'I HAVE implemented an alternative strategy to the company car twice – once for Siemens in the UK and now one for the John Lewis Partnership.
And why? Company car tax scale charges have trebled in the past decade and there is a 2% escalator for the next two years, without taking into account the Treasury's expected tax shortfall this year.
So let's think about what benefit-in-kind tax is meant to be all about. It is meant to be about reflecting the cash value of a benefit an individual receives from a non-cash part of his or her reward package.
Remember, the value is often accounted for by what it costs to provide that benefit. If your company buys private health insurance it will no doubt negotiate the premium price. Let's just say it pays £300 per annum per person, a price it had negotiated down from a list price of £400.
No-one complains about negotiation or even attempts to base the tax on the retail price – the employee gets taxed on the basis of what the insurance cost – £300 in this case. No-one is dreaming up a spurious notional list price for this.
But that is not how it works for company cars though, is it? There is no basis in money's worth here – nobody refers to what the benefit was bought for in cash terms. For example, company A provides employee X with a car worth £20,000 and gets a 20% discount worth £4,000, giving the car a gross capital cost of £16,000.
The car has a residual value of 30%, or £6,000, so the net capital cost to the company is £10,000. If you add the value of maintenance provided by the employer, that comes to £2,000 over four years, while insurance and road fund licence is £1,800.
The total cost to the company of providing the car to the employee is £13,800. Remember, that is not the list price of £20,000, but £13,800.
This is a car provided for four years, with an average CO2 figure, equating to 25% tax, but this is a tax on the £20,000 list price, not the £13,800 cost to the company. In real terms, the employee would be paying tax on £6,200 of benefit that he or she didn't get and that is assuming there is no business useage.
If the employee is a 40% taxpayer, then he should pay £1,320 every year, but in fact is charged £2,000 in tax. Charging an employee £51 a month for a benefit he or she is not receiving is not fair. An unfair tax is usually inefficient. There is usually a more efficient way of doing it.
In this case, replace the 'benefit in kind' with money. Money is, after all, taxed at a 'straight rate'. The trick is to let the driver buy the car for £13,800. As a result, there is a saving of £51 a month, which is more than £600 per year.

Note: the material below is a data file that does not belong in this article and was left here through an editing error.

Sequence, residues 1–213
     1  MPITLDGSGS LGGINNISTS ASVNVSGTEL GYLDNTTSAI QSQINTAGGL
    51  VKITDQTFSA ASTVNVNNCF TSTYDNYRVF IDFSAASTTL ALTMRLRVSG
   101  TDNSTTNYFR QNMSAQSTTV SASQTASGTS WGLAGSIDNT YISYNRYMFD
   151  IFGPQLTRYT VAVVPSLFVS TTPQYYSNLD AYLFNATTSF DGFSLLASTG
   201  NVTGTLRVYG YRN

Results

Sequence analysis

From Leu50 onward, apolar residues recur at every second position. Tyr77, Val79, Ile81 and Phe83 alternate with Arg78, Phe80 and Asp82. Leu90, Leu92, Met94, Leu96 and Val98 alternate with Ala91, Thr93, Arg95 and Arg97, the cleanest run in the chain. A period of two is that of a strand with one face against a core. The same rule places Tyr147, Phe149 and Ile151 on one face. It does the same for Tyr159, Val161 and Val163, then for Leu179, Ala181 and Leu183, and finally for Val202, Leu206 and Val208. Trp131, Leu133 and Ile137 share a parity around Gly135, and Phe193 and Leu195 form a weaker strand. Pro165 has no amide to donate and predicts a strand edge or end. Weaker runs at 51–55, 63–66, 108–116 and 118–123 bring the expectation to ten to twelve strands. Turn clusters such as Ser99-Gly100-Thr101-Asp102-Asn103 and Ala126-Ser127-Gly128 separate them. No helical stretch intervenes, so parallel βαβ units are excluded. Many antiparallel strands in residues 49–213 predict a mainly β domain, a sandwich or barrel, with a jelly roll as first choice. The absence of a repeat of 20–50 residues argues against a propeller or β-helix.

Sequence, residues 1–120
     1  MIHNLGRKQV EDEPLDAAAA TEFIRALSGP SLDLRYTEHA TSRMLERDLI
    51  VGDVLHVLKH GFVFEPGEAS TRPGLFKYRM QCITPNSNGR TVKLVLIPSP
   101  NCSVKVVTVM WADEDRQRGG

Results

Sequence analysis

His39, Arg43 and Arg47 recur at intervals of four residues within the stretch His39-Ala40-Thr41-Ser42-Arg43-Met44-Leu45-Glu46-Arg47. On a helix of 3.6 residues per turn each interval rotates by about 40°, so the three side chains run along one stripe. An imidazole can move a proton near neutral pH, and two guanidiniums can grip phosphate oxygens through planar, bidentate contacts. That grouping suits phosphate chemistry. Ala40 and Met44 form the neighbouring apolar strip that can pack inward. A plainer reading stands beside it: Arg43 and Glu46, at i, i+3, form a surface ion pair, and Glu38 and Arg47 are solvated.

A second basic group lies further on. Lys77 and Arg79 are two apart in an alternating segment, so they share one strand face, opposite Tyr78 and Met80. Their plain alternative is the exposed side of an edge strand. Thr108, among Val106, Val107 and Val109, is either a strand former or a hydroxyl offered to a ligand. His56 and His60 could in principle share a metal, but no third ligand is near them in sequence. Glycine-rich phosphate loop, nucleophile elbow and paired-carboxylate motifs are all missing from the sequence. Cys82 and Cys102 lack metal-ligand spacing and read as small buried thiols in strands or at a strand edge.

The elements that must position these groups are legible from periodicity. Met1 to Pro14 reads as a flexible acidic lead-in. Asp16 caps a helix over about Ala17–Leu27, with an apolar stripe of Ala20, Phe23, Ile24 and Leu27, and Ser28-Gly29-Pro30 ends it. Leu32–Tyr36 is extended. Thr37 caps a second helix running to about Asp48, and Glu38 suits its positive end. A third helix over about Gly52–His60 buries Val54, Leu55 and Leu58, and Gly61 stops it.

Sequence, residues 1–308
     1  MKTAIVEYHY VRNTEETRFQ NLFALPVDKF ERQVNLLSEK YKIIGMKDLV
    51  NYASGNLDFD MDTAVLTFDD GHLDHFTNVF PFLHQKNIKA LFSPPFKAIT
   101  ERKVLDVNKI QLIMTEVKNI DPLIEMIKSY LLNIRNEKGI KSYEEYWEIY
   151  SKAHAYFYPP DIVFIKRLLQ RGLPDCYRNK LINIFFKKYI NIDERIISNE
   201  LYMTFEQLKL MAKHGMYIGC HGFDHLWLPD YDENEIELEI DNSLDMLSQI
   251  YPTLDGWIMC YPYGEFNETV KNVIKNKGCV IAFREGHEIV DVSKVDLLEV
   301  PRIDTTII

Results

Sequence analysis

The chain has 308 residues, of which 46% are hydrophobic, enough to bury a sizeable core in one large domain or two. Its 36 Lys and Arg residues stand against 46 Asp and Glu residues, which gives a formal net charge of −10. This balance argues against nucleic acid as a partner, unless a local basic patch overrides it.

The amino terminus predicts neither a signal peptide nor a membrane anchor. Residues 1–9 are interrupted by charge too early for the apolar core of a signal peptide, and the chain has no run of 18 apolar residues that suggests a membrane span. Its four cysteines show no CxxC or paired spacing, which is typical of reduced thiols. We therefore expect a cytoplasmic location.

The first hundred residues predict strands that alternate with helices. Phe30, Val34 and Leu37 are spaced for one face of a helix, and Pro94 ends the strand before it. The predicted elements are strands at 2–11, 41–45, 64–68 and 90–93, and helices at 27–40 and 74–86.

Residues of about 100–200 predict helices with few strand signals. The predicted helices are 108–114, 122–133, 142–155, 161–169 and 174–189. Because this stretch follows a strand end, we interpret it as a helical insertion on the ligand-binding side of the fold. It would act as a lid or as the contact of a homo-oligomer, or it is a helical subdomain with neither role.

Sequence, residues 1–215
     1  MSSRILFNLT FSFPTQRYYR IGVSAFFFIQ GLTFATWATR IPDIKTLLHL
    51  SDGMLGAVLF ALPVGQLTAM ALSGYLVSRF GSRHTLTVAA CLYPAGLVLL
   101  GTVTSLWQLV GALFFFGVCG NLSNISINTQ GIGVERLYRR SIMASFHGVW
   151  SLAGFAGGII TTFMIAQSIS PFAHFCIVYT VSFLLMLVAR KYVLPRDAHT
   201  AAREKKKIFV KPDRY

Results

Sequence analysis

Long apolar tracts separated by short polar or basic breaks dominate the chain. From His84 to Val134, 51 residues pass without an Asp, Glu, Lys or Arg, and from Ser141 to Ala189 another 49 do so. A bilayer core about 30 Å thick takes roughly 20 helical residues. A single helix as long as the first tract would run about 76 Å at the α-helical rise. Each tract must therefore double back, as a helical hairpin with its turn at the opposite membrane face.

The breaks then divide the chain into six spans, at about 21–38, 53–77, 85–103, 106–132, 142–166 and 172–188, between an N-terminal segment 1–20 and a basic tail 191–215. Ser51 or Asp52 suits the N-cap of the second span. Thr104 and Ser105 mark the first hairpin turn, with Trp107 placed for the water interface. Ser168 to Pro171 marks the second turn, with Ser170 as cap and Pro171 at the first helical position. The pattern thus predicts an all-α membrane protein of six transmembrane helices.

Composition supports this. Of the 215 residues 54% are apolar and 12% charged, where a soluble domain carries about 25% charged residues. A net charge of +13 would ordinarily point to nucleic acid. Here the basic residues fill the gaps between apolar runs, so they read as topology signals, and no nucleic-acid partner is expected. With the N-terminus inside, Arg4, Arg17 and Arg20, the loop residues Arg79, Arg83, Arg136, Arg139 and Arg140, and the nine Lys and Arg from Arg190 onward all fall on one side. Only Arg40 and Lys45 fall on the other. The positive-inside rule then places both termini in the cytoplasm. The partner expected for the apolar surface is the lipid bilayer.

This is called a car ownership scheme and is sometimes referred to as PCP. I am particularly referring to a structured PCP. In practice all of the schemes are designed to achieve savings of about £1,000 per annum per car. That is at least 20% of the car budget that can be put to other uses.
Savings can be made by making use of existing tax legislation.
First of all any employer is entitled to lend any employee up to but not exceeding £5,000 free of interest – this is usually repaid by returning the car at the end of the contract term.
If the driver opts to keep the car he or she will need to repay this. This £5,000 acts as a deposit and reduces the funding requirement. There is not a tax implication to this loan.
Secondly, you can also make use of the Inland Revenue Authorised Mileage Rates to pay as much of the car allowance as possible free of tax.
Generally for the first 10,000 miles per year of business mileage, a company may reimburse drivers by 40 pence per mile. Fuel only costs about 12ppm, so the remaining 28p may be used towards paying the original capital costs less the £5,000 interest free loan.
Generally companies don't want to give the £13,800 in one lump sum – it is phased over the period of car ownership, so interest applies. For this to be tax-efficient, the interest rate must be equal to or greater than the Treasury official rates. Car ownership is not VAT efficient but this is a minor cost in these schemes.
Early termination is an expensive process so high staff turnover among drivers is a real inefficiency to these schemes. As a rule of thumb, if you have 20% driver turnover per annum all benefits are lost. Car ownership is administratively complex and detailed procedures and pre-Inland Revenue clearance are part of it.
So where else could you make savings of 20% per annum on your operations? Certainly not in maintenance, disposals, discounts or administration.
There is quite a simple route map to look at. Check what your driver turnover is like, get a feasibility study – and read it. If it passes scrutiny, get board approval for a scheme design stage. And finally, go for it if you can.'